The government cooperated with the Office of the UN High Commissioner for Refugees (UNHCR) to provide protection and assistance in some areas, but it restricted UNHCR activities in others. The government defined refugee status differently than do the 1951 Convention and its 1967 Protocol relating to the Status of Refugees. It did not recognize Ethiopians or Sudanese as refugees, although it allowed them to remain in the country and granted them residency permits. It routinely provided protection to Somali refugees but continued to deny exit permits to Somalis in the Umkulu Refugee Camp who had been identified for resettlement in third countries or who sought repatriation.
In-country Movement: The government requires citizens to notify local authorities when they change residence, although many did not. When traveling within the country, particularly in remote regions or near borders, authorities required citizens to provide justification for travel at the few checkpoints.
Travel restrictions on noncitizens lawfully in the country remained in effect. The government required all diplomats, international humanitarian workers, UN staff, and foreigners to request permission from the government at least 10 days in advance to travel more than 15.5 miles outside of Asmara. Authorities gave UNHCR staff a monthly permit to visit Umkulu Refugee Camp and permitted diplomats to visit the site in May.
Foreign Travel: The government restricted foreign travel. The government required citizens, sometimes including dual nationals, to obtain exit visas. The government restricted travel of children with foreign passports whom it considered Eritrean nationals. Requirements for obtaining passports and exit visas were inconsistent and nontransparent. The government often denied citizens passports and exit visas because they had not completed their military duties or arbitrarily for no given reason. Authorities generally did not give exit visas to children over the age of five. Authorities granted few adolescents exit permits; many parents avoided seeking exit permits for children approaching national service draft age due to concern authorities might also deny the parents permission to travel. Categories of persons most commonly denied exit visas included men under age 54, regardless of whether they had completed the military portion of national service, and women younger than 30, unless they had children. The government did not generally grant exit permits to members of the citizen militia, although some whom authorities demobilized from national service or who had permission from their zone commanders were able to obtain them.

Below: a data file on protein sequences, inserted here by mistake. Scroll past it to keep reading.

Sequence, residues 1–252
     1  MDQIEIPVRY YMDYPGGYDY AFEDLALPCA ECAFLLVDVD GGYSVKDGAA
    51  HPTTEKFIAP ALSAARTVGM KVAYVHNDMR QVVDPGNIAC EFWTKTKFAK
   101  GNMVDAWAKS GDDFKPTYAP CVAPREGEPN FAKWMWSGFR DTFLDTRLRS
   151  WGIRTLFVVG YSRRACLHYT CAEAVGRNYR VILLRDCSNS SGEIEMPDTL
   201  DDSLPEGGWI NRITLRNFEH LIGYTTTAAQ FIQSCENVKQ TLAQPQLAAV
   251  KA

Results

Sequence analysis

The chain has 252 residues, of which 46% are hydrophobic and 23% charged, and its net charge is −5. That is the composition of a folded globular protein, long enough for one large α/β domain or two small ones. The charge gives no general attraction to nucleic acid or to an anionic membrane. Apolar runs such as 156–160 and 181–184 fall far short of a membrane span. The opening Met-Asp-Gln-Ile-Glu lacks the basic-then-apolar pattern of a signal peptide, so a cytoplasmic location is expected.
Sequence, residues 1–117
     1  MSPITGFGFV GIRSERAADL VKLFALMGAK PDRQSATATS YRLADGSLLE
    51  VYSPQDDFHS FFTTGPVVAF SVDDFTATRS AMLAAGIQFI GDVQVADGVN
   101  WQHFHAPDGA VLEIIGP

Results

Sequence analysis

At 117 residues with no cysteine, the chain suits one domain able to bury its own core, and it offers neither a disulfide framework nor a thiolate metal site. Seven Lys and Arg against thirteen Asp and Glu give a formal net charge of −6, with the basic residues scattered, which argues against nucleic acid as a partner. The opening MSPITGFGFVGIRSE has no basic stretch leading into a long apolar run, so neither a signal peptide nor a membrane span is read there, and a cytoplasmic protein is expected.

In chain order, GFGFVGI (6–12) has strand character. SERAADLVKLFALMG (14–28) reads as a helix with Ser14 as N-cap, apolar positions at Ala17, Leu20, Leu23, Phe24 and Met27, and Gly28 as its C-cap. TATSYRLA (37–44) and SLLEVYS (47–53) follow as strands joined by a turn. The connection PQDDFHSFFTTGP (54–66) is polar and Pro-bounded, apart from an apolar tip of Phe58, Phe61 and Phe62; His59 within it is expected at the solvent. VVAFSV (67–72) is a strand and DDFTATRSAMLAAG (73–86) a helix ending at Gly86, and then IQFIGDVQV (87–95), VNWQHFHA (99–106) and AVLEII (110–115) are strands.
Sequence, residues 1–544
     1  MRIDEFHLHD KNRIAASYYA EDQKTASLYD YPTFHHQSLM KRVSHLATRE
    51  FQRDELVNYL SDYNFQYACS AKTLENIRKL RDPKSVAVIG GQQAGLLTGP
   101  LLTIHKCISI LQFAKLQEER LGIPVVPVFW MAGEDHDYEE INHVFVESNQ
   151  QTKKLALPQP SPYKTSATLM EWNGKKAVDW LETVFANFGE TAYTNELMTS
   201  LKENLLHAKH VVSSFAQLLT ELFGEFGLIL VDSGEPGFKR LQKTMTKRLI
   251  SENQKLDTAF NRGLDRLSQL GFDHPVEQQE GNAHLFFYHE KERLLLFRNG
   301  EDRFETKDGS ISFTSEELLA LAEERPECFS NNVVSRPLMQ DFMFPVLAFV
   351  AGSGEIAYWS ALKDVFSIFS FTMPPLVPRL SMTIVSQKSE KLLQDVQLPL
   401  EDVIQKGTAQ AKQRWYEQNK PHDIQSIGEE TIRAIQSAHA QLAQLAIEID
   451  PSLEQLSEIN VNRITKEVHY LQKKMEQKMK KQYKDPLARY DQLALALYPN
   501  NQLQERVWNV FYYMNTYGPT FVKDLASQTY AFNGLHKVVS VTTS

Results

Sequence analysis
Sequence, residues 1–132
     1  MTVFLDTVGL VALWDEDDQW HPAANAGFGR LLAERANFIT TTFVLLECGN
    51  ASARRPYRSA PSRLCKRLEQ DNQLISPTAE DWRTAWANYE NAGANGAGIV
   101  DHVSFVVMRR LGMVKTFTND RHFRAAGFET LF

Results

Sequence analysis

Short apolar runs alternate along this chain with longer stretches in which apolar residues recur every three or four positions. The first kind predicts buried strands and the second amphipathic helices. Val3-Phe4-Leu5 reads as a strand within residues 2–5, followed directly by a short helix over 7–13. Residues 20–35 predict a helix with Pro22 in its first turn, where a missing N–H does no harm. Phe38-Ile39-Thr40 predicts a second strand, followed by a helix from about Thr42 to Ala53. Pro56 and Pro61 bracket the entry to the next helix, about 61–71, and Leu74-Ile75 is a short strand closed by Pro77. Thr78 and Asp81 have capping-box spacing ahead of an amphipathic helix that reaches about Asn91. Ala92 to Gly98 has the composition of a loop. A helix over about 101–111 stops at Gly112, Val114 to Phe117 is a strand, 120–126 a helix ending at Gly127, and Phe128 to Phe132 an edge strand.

In 2015 the COI reported the government, largely the armed forces and particularly the border surveillance division, had implemented a shoot-to-kill policy for a “considerable period of time.” In its June 2016 report, the COI stated it had “reliable evidence” the policy still existed but was “not implemented as rigorously as in the past.” Despite requests to the government, the COI was denied access to visit the country. Doctors without Borders reported during the year it was common for Eritreans crossing the border into Ethiopia to be shot at or to witness others being fired upon.